Pain comes in many forms. There is physical pain, emotional pain, and mental pain. I separate emotional and mental pain because the two feel distinct to me. Emotional pain is a feeling response to an event. Mental pain is typically the result of repetitive beliefs that in turn produce emotional pain (such as sadness or anxiety). As human beings we encounter physical, emotional, and mental pain as part of the experience that life offers. It is through the challenges of physical, mental and emotional pain that we are offered the opportunity for spiritual growth. Spiritual growth is not currently a high priority in this country because it lacks immediacy and requires stamina and a humble approach to pain. Why should I feel pain if I can take something or do something to bypass such pain? How can there possibly be value in working through pain? The value comes in the lesson learned—be it gratitude, fortitude, self-empowerment, compassion, love.
I believe that we each have our own traumas and challenges in life. The amount, frequency, and depth of these traumas will vary from person to person. For some it may be one major traumatic event in life. For others it may seem to be a never ending cascade of mini traumas. There are those, too, who believe that we chart our traumas and our lessons before we get here (are born). This makes sense to me, as it would be characteristic of a loving God to allow us to participate in our Course of Education. After all, it is all for Glory, all in the name of Love. Of course, I don’t feel very loving when I am in the middle of one of my Lesson Plans. In fact, I’m more likely to curse, hold my breath, and stomp my feet. I’m more likely to cry “foul” and declare how unfair life is. I am more likely to do all those things because as a human being I don’t want to go through the painful experience. I don’t want to go through something that in the long run may make me a better person. It is part of the human experience to want to bypass spiritual growth, yet part of the condition as a spiritual being to transcend through such experiences. That’s our job. I’ve learned to accept this, and as a result, life has become much easier to maneuver.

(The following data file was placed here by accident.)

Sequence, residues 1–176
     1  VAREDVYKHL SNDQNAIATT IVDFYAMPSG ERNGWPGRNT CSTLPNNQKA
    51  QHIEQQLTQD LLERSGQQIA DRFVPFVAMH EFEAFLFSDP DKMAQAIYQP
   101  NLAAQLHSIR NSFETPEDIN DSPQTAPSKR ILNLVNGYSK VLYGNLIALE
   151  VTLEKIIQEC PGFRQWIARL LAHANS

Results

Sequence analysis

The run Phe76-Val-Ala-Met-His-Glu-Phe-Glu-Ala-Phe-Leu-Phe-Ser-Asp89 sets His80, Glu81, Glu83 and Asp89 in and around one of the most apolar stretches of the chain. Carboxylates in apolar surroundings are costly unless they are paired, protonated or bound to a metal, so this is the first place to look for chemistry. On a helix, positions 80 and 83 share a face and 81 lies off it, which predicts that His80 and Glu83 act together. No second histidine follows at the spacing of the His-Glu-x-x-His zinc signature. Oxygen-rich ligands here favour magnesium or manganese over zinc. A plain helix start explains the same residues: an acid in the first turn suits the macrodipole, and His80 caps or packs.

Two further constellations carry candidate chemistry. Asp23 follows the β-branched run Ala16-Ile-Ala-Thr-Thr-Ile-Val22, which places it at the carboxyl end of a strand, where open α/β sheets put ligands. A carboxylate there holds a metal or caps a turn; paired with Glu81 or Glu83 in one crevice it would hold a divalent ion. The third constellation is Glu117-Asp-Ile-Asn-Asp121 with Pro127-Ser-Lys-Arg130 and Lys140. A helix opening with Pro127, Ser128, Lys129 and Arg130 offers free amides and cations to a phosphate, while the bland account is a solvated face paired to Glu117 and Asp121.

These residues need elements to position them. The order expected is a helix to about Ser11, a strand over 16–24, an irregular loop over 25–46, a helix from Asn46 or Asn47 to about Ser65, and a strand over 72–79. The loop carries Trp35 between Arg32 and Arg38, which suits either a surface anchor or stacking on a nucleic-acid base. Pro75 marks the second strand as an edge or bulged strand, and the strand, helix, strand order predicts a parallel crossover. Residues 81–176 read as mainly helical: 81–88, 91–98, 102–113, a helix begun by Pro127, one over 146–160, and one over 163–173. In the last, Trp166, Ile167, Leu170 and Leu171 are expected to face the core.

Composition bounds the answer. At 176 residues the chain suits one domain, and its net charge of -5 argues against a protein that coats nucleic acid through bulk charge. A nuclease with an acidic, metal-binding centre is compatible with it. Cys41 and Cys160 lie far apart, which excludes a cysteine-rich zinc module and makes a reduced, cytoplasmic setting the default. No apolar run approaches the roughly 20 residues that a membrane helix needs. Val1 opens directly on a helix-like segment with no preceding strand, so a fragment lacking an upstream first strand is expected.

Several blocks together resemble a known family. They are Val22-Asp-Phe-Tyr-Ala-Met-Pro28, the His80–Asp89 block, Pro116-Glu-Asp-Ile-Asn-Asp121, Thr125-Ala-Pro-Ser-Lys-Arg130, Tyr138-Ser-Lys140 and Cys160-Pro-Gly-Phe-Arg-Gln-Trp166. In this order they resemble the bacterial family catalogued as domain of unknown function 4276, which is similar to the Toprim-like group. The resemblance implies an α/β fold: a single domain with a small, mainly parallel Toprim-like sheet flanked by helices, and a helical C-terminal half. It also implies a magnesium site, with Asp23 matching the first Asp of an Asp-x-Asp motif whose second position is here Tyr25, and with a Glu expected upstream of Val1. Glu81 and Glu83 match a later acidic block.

After some internal debate I’ve decided to let you in on some of my own personal traumas that I have weathered in life. These were troubling times that caused such growing pains that I needed to journal as a means of freeing myself from the source of pain, in order clarify and open myself up to the lesson. As such, contained within this book are some excerpts from journal entries. The decision to use a journal entry is due to the raw honesty that would be diluted if I were to rewrite the entries. I have shared my uncensored, inner thoughts because I believe that some may benefit from the realization that they are not alone, or perhaps are better off. Most people, when asked, would rather keep their own problems than trade for someone else’s problems. There is hope, regardless of your own personal situation. There is a path out. That path begins with honesty, open-mindedness, and willingness to change. The path is also a lot easier to walk if you appreciate the humor that can be embraced along the way.
Vickie H. Shannon is a Licensed Mental Health Counselor and a Certified Addictions Professional in Vero Beach, Florida. She is one of a trio of women who provide educational lectures and workshops through Vero Quest. For more information about Vero Quest go to the website at www.myveroquest.com